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Publication numberUS2657391 A
Publication typeGrant
Publication dateNov 3, 1953
Filing dateNov 24, 1948
Priority dateNov 24, 1948
Publication numberUS 2657391 A, US 2657391A, US-A-2657391, US2657391 A, US2657391A
InventorsCrandon Harry D
Original AssigneeAmerican Optical Corp
Export CitationBiBTeX, EndNote, RefMan
External Links: USPTO, USPTO Assignment, Espacenet
Hand covering
US 2657391 A
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Description  (OCR text may contain errors)

1953 H. D. CRANDON 9 HAND COVERING- Filed Nov. 24', 1948 l 1.. 3 I El EIEI E] El EIEI E] El Ellj U E! Di] I] DE! DE] l3 Ell] ElEl 12 DE] EJDUEI DD EIEIEIEIDEI I DEIEIEIEID UDDEIEI DUDE] DEIEIEI EIDUD DUDE! II I INVENTOR. HAREY D. CEANDON ATTO Patented Nov. 3, 1953 HAND COVERING Harry D. Crandon, Woodstock, Conn., assignor to American Optical Company,

Southbridge,

Mass, a voluntary association of Massachusetts Application November 24, 1948, Serial No. 61,775

6 Claims.

This invention relates to improvement in hand coverings and has particular reference to the means and method of using thermoplastic material for reinforcing surface portions of hand coverings.

It is a principal object of this invention to provide hand coverings such as gloves, mittens, or the like having a surface portion thereof provided with a protective reinforcing layer of thermoplastic material.

Another object is to provide novel means and methods of'applying to portions of the surface of hand coverings layers of protective reinforcing material in the nature of screening or mesh formed of thermoplastic material or of a combination of thermoplastic material and metal.

Another object is to provide novel means and method of simply and economically applying protective reinforcing layers of thermoplastic material to portions of the surfaces of hand covermgs.

Other objects and advantages of the present invention will become apparent from the follow- .ing description read in conjunction with the, accompanying drawing, in which:

Fig. l is a front elevational view of the palm portion of a hand covering embodying the invention;

Fig. 2 is a fragmentary front elevation of a reinforcing mesh therefor;

Fig. 3 is a fragmentary sectional view illus .trat-ing a method of applying a'layer of reinforc ingmaterial to the surface of sheet material from which hand coverings may be made;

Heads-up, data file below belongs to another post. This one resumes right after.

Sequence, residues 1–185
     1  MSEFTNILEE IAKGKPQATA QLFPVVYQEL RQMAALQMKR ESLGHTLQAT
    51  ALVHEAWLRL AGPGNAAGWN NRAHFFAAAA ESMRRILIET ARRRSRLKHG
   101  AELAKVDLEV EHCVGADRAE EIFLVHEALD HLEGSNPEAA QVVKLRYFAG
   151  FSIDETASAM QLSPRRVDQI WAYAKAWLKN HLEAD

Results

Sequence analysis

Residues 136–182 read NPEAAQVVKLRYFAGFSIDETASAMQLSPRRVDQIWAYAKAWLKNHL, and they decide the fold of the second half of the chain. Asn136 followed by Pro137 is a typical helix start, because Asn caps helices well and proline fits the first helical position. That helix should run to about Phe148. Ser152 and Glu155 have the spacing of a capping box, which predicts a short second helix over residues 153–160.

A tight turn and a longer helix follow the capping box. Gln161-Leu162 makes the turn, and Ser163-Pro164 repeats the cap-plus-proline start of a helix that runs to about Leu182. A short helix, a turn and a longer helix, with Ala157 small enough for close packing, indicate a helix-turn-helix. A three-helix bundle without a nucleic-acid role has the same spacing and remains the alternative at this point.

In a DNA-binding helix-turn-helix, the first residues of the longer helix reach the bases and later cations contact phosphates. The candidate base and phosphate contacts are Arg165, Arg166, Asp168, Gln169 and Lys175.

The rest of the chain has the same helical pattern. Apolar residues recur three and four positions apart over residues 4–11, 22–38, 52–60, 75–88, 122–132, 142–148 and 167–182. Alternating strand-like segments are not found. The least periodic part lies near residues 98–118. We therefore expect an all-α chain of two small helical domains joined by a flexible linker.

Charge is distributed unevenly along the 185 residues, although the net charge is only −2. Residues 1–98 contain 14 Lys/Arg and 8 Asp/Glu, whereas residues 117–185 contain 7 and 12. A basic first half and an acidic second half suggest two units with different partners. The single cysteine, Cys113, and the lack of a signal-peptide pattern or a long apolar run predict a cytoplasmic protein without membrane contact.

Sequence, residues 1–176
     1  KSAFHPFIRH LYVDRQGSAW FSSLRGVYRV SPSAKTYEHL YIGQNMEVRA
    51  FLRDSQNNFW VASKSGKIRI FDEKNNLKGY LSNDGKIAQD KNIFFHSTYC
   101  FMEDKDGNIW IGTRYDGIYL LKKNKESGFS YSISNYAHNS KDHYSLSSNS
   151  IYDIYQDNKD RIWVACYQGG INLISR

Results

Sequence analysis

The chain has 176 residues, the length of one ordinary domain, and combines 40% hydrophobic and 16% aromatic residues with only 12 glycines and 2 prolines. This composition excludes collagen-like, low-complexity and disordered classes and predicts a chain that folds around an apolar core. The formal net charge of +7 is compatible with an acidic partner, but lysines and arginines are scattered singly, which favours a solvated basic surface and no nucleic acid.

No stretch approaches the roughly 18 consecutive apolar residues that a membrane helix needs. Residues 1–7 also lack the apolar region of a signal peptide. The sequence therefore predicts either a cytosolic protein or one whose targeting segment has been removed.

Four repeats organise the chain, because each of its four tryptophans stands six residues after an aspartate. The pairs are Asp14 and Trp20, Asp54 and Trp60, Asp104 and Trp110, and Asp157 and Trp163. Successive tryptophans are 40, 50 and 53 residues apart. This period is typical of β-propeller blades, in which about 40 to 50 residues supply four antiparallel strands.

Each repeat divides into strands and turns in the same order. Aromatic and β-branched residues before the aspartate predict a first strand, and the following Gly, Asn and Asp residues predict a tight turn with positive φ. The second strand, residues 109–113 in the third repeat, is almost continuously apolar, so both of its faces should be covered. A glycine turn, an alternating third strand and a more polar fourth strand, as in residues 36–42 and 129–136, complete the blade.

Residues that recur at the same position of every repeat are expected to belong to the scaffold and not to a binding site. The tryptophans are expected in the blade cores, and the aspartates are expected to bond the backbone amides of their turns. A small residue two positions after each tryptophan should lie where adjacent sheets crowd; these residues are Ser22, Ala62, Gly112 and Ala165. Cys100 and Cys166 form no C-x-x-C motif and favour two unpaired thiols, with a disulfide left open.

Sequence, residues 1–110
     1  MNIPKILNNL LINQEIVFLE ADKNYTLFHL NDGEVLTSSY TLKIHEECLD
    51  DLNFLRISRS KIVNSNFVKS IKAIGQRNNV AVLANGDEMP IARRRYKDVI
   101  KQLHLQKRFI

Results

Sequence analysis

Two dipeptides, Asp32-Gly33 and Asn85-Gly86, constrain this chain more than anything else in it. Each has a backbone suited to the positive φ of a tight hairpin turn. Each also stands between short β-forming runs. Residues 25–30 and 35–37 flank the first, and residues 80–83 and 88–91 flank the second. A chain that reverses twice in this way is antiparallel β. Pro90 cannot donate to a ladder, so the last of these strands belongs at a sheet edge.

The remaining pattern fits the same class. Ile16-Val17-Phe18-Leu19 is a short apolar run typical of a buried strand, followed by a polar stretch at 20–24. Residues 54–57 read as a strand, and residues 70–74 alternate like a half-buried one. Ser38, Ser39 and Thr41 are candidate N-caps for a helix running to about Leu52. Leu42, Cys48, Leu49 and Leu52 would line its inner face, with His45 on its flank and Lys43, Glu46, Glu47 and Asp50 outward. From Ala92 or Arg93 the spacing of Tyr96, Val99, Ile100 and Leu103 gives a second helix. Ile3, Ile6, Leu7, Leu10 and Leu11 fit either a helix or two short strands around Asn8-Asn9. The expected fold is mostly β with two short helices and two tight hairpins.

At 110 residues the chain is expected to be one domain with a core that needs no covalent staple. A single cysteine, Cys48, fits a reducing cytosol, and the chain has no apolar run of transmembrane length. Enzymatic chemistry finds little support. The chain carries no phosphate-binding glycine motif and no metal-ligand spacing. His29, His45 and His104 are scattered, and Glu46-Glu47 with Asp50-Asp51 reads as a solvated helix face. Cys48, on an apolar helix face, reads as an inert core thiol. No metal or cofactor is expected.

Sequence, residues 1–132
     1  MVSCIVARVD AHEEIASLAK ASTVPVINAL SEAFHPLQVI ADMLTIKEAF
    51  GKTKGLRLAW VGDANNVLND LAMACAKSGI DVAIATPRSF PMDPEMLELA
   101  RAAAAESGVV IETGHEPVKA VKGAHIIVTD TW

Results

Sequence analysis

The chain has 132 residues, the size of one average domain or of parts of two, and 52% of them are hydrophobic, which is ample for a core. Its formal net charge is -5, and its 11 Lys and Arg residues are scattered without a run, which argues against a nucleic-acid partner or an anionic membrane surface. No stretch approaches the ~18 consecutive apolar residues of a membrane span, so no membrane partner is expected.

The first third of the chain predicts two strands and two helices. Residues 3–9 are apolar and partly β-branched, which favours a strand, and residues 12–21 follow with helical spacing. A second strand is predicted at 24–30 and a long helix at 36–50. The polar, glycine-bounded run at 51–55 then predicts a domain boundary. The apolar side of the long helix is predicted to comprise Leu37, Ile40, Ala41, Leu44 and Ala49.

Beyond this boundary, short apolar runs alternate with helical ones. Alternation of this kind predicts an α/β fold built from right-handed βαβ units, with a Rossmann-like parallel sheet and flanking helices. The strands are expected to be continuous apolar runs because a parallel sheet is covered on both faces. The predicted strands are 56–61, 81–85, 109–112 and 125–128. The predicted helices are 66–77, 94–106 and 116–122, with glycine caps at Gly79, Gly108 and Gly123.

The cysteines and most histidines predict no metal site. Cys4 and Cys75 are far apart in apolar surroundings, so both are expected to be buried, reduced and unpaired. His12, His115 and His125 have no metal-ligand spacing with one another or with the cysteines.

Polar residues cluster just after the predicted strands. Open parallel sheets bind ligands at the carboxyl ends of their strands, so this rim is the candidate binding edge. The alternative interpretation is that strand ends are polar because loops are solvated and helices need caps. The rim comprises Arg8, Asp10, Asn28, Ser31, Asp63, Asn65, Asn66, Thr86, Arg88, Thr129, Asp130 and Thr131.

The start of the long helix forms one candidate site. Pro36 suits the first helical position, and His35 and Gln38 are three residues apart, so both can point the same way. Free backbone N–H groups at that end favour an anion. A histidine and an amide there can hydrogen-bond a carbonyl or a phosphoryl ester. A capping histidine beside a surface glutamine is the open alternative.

Fig. 4: is a fragmentary sectional view taken on line 4.4 of Fig. 2 showing a section of the mesh before application to a hand covering; and

Fig. 5 is a fragmentary sectional view of the mesh shown in. Fig. 4 after application to a porous material.

It is a well known fact that some materials necessarily used in the manufacture of hand coverings are, due to the nature of their constructi'on or composition, quickly and easily worn. This is especially true of asbestos which is easily frayed by cutting or burning of the cotton supporting threads therein, thus requiring early repairing or replacement of hand coverings made of this material. Other materials as well, however, due to the particular nature of their usage are easily worn, cut, burned or otherwise damaged.

Therefore, to overcome many of these diflicule ties, the present invention provides means and method of manufacturing hand coverings by applying a protective reinforcing layer to the surfaces of the hand covering, or to the portions of the surfaces subjected to the most abuse. This is accomplished by bonding the reinforcing layer to'the material from which the hand coverings are to be made prior to blanking out the coverings, or, if desired, portions only of the hand coverings may have the reinforcing layer applied thereon even after final fabrication of the coverings.

Referring 'more particularly to the drawing wherein like characters of reference designate like parts throughout the several views, the invention may be applied to a portion of a hand covering such as the glove l 0 illustrated in Fig. 1, or to the material from which the glove was fabricated, The glove 10 may be made of suitable porous material such as cotton, asbestos, leather or the like and may be fabricated from a single type of material or a combination of materials.

. In reinforcing a sheet of asbestos or other material from which a glove I0 or a portion thereof is to be made, the sheet II of said material (Fig. 3) will have deposited on the surface thereof to be reinforced a layer of reinforcing material l2. The reinforcing material l2 may be formed of solid or perforated sheets of filmlike thermoplastic material of a heat softenable nature or preferably, as shown in Fig. 2, in the nature of screening or mesh made of a multiplicity of woven strands i the thermoplastic material. It is preferred that the sheet l2 of thermoplastic material be made with perforations or as a mesh since after being applied to a hand covering this would tend to permit ventilation and would not materially reduce porosity, heat resistance, or flexibility. The strands 13 of the screen 12 to serve as a bonding material as well as a reinforcement must be made of a heat softenable thermoplastic material such as polyvinyl butyral, polyvinyl chloride acetate or other synthetic resin.